Two summers ago, the Kings were touting Tyreke Evans as the franchise savior. After a season of injury followed by a season of reality, Evans’ future as a King seems murky and uncertain.
Keith Smart made a bold move when he shifted Evans from point guard to small forward. Really, there was very little he could do but make the change. The results were mixed as expected, but Evans has a laundry list of items to work on regardless of what position he plays. After three seasons, it’s a make or break time for one of the team’s cornerstones.
Like Marcus Thornton, Evans can score. He can also defend, pass and rebound. While his numbers were down this season, Evans still finished the season averaging 16.5 points, 4.5 assists and 4.7 rebounds per game as he adjusted to a new position on the offensive end. Clearly these numbers fall short of the lofty standards he put forth as a rookie, but the team around him is considerably better.
Evans shot 45.3 percent from the field. That number would be acceptable if it wasn’t so heavily dependent on one area of the floor. Evans shot 60 percent from the field at the rim where he took an incredible 492 shots, only 46 less attempts around the basket than DeMarcus Cousins.
During the season, Evans, at the urging of his brothers, brought in highly-regarded shooting coach Keith Veney to work on shooting basics. What we saw after that point in the season was a complete abandonment of the 3-point shot. Following Veney’s arrival on March 14th, Evans went just 1-for-12 from long range over his final 20 games. Shockingly, Evans went 2-for-6 from around half court on the season for a robust 33-percent accuracy. That’s 13 percent better than his overall 3-point shooting stroke.
With Evans’ physique, he has the ability to guard three positions. At a little over 6-foot-5, with an incredible 6-foot-11.25 wingspan, Evans should be able to guard wings that are considerably taller than him. He has the length, strength, size and athleticism to be an elite defender and he is in one-on-one situations.
Evans’ 1.33 steals per game were good enough for 10th place amongst NBA point guards and a tie for fifth among small forwards. But similar to Thornton, the majority of Evans’ steals came in isolation defense, not from effectively playing the passing lanes.
Evans is a good rebounder for a point guard, leading the league from the position at 4.6 rebounds per game. But as a small forward, he was good enough for just 15th place and over his final 12 games, he averaged just 2.5 rebounds which is completely unacceptable.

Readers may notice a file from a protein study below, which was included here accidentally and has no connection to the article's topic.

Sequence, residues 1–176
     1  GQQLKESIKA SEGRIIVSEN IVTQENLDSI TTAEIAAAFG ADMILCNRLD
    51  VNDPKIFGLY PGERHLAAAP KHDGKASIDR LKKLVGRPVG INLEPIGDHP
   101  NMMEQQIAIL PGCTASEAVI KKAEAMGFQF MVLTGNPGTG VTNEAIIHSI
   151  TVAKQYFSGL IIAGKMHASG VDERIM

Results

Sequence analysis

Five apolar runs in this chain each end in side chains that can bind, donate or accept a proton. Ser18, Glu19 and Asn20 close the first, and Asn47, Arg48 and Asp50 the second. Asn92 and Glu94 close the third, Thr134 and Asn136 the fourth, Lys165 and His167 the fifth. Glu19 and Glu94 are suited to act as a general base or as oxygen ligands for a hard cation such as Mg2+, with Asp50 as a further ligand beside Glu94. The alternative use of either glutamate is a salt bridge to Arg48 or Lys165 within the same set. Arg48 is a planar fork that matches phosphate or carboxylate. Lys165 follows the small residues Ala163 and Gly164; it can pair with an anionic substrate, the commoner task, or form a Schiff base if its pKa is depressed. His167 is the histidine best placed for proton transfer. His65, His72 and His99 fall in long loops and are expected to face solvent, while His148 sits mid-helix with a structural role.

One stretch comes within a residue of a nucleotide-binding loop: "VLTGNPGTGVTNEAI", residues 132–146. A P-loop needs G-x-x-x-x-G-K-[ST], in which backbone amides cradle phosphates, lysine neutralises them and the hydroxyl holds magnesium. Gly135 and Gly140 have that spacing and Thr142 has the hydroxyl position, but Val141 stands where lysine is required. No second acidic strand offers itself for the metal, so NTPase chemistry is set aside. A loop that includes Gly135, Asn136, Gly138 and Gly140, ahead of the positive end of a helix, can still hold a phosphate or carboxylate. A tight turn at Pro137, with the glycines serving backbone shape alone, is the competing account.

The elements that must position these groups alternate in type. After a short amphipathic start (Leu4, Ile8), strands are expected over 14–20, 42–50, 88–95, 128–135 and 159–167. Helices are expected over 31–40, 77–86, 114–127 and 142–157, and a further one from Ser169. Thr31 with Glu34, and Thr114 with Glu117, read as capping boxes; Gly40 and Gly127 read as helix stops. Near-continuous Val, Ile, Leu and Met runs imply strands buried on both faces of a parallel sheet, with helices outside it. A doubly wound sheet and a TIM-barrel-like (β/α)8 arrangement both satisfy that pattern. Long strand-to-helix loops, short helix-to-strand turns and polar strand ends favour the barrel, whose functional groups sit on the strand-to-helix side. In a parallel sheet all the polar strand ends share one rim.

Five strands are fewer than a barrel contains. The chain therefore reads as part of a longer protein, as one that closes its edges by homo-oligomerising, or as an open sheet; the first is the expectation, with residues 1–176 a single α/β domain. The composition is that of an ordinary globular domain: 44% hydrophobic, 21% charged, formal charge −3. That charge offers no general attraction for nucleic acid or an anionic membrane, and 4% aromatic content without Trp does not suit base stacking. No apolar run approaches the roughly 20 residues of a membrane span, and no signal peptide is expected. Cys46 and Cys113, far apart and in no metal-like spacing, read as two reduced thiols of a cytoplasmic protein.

I feel like this is about to go the way of Jimmer Fredette.
This was supposed to be the year for Tyreke Evans. It was supposed to be the season that he put the Kings on his back and became a cross between Dwyane Wade and LeBron James. Ok, maybe that is too much of a stretch, but potential was supposed to become production in year three. The foot was healed. He spent the elongated off-season working out with Derrick Rose and Russell Westbrook. This year was supposed to be his launching pad.
Instead, Evans’ development stagnated. Plenty of critics will say he regressed, but the stats show otherwise. They say that he was basically the same player we saw in year one, but that he shot the ball nearly two times less per game and he drew fewer fouls. A lot less in fact. If we take the 1.9 less shot attempts (which equates to 1.8 points per game) and his 1.6 fewer attempts from the free throw line, Evans would have averaged 19.9 points per contest, a smidge off the 20.1 points he averaged as a rookie.
Above, we looked at the basic breakdown. Below, the zones are better defined and shot attempts are added in, which shows us some interesting trends.
As a wing, Evans felt more comfortable with the left side of the court on offense. He is a heavily right-handed ball handler, so this makes sense. If you trace an arc from the left elbow, through the top of the key and end at the right side of the rim, you can see where Evans makes his living. Unfortunately, I am not the only person in this world with this information and defending a player who makes his living on one path, isn’t exactly difficult.
What does this say? It says that Evans is predictable. It also shows you that he has some work to do.